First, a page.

IT and Globalized Ethics

IT and Globalized Ethics

Robert A. Schultz (Woodbury University, USA)
DOI: 10.4018/978-1-60566-922-9.ch009
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In this chapter I will first discuss the individual ethical principles an IT professional is likely to encounter. Then I will consider the impact of the ethics of globalized institutions on the ethics of IT professional. Finally, I will discuss the role of IT professionals in the global social contract to be formulated in Part III, A Social Contract for Globalized Institutions. IT professionals are parties to the global social contract because of their essential role in making globalized institutions possible. So we need to determine how they will participate in this social contract.
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It Professional Ethics

As an individual, An IT professional has ethical principles and moral principles. In this book, ethical principles are those grounded in social cooperation, as opposed to moral, religious, and philosophical principles, which not everyone shares.1 Principles of professional ethics have to be ethical rather than moral principles, because IT always appears in the context of an organization, whether business or nonprofit. Organizations are cooperative enterprises. Thus IT is always concerned with the development or maintenance of systems in some context of social cooperation.

The different types of IT professional ethical requirements are as follows:2

  • 1.

    Ethical duties as citizens and as human beings.

  • 2.

    Duties and obligations to employers as employees or contractors.

  • 3.

    Enabling professional duties, done to maintain their capability as professionals.

  • 4.

    Substantive duties to system users.

  • 5.

    Substantive system duties (infrastructure and application).

Each type of requirement has a different ethical basis. Some of these are enabling duties, for example, things one does in order to maintain one’s capability in a profession--in IT, by staying current. Some are substantive duties, requirements of the practice of the profession.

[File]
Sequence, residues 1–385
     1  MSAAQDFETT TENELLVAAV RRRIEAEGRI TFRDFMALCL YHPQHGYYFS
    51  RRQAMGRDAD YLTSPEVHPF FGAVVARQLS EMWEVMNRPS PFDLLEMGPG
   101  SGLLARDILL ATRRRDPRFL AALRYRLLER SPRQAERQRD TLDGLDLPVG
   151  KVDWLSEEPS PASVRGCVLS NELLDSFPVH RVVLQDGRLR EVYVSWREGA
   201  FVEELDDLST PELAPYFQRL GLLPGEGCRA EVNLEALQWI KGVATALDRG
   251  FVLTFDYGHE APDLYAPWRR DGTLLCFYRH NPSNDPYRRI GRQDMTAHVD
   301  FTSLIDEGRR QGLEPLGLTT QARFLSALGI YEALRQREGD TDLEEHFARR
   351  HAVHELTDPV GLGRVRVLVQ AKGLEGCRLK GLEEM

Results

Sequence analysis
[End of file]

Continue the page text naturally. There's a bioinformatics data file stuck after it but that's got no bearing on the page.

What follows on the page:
The first two--duties as citizens or human beings and ethical requirements as employees--are not specific to IT professionals and demand attention only when the IT context requires it. For example, conflicts of interest and using employer’s resources for one’s own purposes occur perhaps with some frequency in IT contexts. Broader social or ethical implications of IT development also need to be considered. Most duties and obligations as employees are also not specifically IT professional duties, although their performance is important to maintaining the integrity of the profession. Confidentiality and not misusing resources are employee duties of special importance in an IT context.

Enabling professional duties need to be performed either to keep one’s own place in working toward the goals of the profession, or enhancing the profession itself. Knowledge-related duties are especially important for IT. Keeping up with the rapid changes in IT is a daunting proposition. IT professionals often have to spend significant portions of their free time “keeping current.” “Keeping current” is essential for being able to fulfill the goals of the profession, as well as doing one’s job well. Also, an IT professional needs to work at making the existence of the profession and its special expertise and goals known to the public as well as to managers and employers. Quality work within IT and cooperation between fellow professionals toward reaching professional goals are also important. In this area, there are potentially difficult and destructive conflicts between proprietary information and the needs of the profession. An important function of patent and copyright is to provide legitimate protection for the originator of the idea to make it possible to recoup development costs and exploit legitimate competitive advantage. But keeping some information proprietary can stifle growth and make everyone worse off. This is how problems of intellectual property rights play out in an IT context.

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